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"This oil spill has already resulted in severe and irreparable harm to the community lands of Mayuriaga and to our collective territory as a people." (Photo: Reuters/Antonio Escalante )

Fed Up with Inaction, Peruvian Tribe Takes Hostages Following Amazon Oil Spills

An Indigenous community at the epicenter of the devastating oil spills in the Amazon has taken 8 hostages in an attempt to force the central government to pay attention to its plight

Nika Knight Beauchamp

After learning that they would be excluded from an official state of emergency declared in the wake of two catastrophic oil spills in the Peruvian Amazon, members of the Wampis community of Mayuriaga stopped a helicopter from taking off late Sunday evening and held 8 officials hostage to force the government to respond to their desperate pleas for help.

More than a month after the spills devastated many Indigenous communities' water supplies, there is little end in sight to the suffering of those most affected.

"Though officials refer to the second leak as 'the Mayuriaga spill' because it took place in Mayuriaga," Reuters reported, "the government did not include the community in an official list of affected groups that would receive emergency supplies and attention."

The official state of emergency was declared by the central government on February 29th. The spills contaminated the food and water supplies of 20 communities, a local Indigenous group reported, but the central government initially offered emergency assistance to only 16.

"This oil spill has already resulted in severe and irreparable harm to the community lands of Mayuriaga and to our collective territory as a people. Responsibility lies squarely with [the oil company] Petroperu, who have acted with complete negligence," Wrays Perez Ramirez, who was elected president of the Wampis after they formed a government last November, told RT. "Over more than 40 years they have failed to maintain and repair their pipeline knowing full well that it needs constant maintenance and replacement every 10-15 years."

The grounded helicopter belonged to the Peruvian military, and it was transporting government and Petroperu officials to the region to inspect the damage from the spills.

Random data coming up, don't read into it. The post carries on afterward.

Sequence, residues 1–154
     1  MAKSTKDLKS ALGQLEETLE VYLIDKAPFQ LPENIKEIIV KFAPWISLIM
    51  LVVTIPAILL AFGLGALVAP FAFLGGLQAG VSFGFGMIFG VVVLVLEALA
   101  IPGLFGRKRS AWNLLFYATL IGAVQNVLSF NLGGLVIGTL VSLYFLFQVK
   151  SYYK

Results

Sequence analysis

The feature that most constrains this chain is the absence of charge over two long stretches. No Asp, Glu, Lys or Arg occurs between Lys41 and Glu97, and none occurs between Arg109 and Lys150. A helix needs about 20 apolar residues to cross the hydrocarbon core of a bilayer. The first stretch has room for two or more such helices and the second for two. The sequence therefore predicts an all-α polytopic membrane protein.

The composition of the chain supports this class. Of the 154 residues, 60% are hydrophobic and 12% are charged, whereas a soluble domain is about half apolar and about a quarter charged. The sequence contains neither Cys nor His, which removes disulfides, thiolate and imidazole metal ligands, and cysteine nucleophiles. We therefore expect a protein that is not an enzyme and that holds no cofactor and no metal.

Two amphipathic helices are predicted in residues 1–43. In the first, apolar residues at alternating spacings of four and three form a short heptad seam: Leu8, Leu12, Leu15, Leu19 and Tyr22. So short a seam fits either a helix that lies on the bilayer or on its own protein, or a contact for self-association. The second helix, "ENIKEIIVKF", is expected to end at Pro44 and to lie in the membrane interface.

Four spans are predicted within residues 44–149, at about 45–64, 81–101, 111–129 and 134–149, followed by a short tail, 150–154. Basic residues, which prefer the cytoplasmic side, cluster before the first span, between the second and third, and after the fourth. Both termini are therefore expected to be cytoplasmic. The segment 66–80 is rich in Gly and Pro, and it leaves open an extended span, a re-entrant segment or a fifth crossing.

Reuters reports:

The government will amend the emergency decree, published last month, to include Mayuriaga, said Deputy Culture Minister Patricia Balbuena.

Balbuena said a local government compiled the list and it was not clear why it excluded Mayuriaga.

"It's a mistake that should be corrected as soon as possible," Balbuena said.

It remains unclear whether officials have spoken with the tribe directly. "The Peruvian Air Force said in a statement that a group of officials would visit the area Monday, including the president of PetroPeru in order to hear the protesters demands," teleSUR reported. "The statement added that the crew were being treated well and that the helicopter had not been damaged."

As of Tuesday, there have been no further reports regarding what meetings took place.

The state-owned oil company Petroperu was responsible for the pipeline breakages that led to the horrific spills that poured 3,000 barrels of oil into Amazon tributaries, causing "incalculable damage" to one of the most biodiverse areas of the tropical forest, according to Scientific American.

"The people affected [by the spills] are suffering from nausea, vomiting, dizziness, and diarrhea," teleSUR reported.

The Peruvian environmental regulator has stated that the recent spills were "not isolated incidents," RT reported, and that the oil company had failed to respond to 20 smaller spills from its pipelines in the Amazon since the regulatory body was formed in 2011.

One of the Petroperu officials taken hostage told the Peruvian news outlet RPP while he was being detained that the native community was respectful and peaceful. He noted that the Mayuriaga community is simply attempting to ensure a meeting with government officials so that the tribe is finally provided the assistance it feels it is owed.

Despite the peaceful nature of the group's action, local non-profit news agency Servindi warned that Peruvian activists and humanitarian organizations fear "that the measures taken by the community may lead to a repressive action by security forces."


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